We don’t go through the level of the “forefathers,” and all that happened at the beginning: “First Man,” Babel, the Land of Canaan, Jacob and his twelve sons, the descent to Egypt. We begin to discover ourselves as already in Egypt. The time before that belongs to the “forefathers” and is incorporated in us in the form of Reshimot (reminiscences, informational genes), our internal attributes.
We begin to work in Egypt until we discover that we are in an egoistic desire and that we have to escape it because we receive less and less vitality from it. Years go by until we discover this in order to escape.
The exodus from Egypt is called the exodus from detachment and separation to connection and unity. It isn’t a physical exodus from a geographic location. In Egypt we discover that we are separated by our ego. All the work in the exile of Egypt is in trying to connect with each other and our not being able to do so. We discover that it is Pharaoh who disturbs us because he stands in our way and separates us.
And then we keep working on the connection, each time discovering that it is impossible. Then Moses appears, kills the Egyptian, and escapes to the desert for 40 years. We work on the connection all the time, until Moses returns, goes to Pharaoh and demands “Let my people go,” which means, let us connect.
I want to connect with those who seem to be strangers now. It is Pharaoh who shows them to me as strangers by depicting them as being outside myself, while I am asking for a chance to connect with them. Let Pharaoh stay. I want to connect above him. In order to do that I need an even greater force, above all his great desire and ego that spins me around as he wishes.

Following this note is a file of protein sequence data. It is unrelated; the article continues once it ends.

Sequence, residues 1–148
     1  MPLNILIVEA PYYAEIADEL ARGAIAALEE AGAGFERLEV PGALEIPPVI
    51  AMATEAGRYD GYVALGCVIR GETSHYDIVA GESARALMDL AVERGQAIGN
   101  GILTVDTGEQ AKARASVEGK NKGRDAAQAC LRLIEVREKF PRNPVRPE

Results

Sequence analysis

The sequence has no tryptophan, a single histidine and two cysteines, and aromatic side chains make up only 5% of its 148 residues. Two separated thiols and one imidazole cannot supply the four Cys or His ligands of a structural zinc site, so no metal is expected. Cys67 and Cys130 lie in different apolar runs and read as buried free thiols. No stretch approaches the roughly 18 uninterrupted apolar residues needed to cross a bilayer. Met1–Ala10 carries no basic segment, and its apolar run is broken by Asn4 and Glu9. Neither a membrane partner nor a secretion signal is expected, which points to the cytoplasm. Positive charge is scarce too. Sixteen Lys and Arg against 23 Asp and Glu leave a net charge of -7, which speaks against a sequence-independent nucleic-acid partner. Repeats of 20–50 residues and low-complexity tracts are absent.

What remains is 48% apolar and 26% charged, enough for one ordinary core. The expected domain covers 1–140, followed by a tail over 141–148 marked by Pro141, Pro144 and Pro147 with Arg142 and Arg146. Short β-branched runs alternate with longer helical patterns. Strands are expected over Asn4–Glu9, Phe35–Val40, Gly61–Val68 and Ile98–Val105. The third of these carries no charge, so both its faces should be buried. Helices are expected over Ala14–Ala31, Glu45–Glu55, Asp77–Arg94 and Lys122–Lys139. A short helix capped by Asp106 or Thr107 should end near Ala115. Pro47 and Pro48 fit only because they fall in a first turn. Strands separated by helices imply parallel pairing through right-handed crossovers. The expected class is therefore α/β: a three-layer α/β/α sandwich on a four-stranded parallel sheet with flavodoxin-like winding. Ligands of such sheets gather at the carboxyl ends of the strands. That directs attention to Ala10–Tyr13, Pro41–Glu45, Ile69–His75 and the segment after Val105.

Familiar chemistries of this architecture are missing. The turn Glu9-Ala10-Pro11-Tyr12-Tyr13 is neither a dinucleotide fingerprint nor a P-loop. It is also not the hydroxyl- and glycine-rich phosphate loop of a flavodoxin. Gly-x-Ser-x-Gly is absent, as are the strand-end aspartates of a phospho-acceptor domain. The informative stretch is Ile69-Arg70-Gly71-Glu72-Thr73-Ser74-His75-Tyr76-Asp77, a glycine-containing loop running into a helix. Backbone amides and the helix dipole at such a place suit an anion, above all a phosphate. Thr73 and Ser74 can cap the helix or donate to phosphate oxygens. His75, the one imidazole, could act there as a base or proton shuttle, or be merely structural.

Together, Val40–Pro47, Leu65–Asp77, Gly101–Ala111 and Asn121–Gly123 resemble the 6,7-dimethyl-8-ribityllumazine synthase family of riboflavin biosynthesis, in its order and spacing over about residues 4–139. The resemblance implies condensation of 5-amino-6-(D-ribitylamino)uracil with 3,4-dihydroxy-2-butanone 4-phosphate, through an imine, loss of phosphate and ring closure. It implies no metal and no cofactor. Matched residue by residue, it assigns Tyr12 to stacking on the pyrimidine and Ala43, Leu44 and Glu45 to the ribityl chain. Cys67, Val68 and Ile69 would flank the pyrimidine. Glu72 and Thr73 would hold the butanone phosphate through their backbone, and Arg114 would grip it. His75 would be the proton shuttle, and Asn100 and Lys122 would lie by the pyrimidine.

So I have to ask my ego to restrict itself and to stop controlling me. With this demand I come to Pharaoh. Pharaoh answers: “Do you want me to come down from my height, from my throne?” He only hardens his heart, and so I need the Creator to be even stronger than Pharaoh.
This is Pharaoh’s mission, to raise the Creator in my eyes so that I am forced to increasingly appreciate the general power of bestowal prevailing in nature. Only this will give us the opportunity to connect with each other.
We have to imagine what Egypt is correctly. The Creator should constantly become more important for me; otherwise, I will never be able to connect with the friends, and that is the “exodus from Egypt,” and I will stay in exile forever.
Egypt is called separation. And where am I running to? I want to connect above this separation, above the hatred that is revealed to me, above Mount Sinai (a mountain of hatred), and so I leave Egypt. Such an act is called “exodus.”
From the 1st part of the Daily Kabbalah Lesson 2/5/12. Shamati #159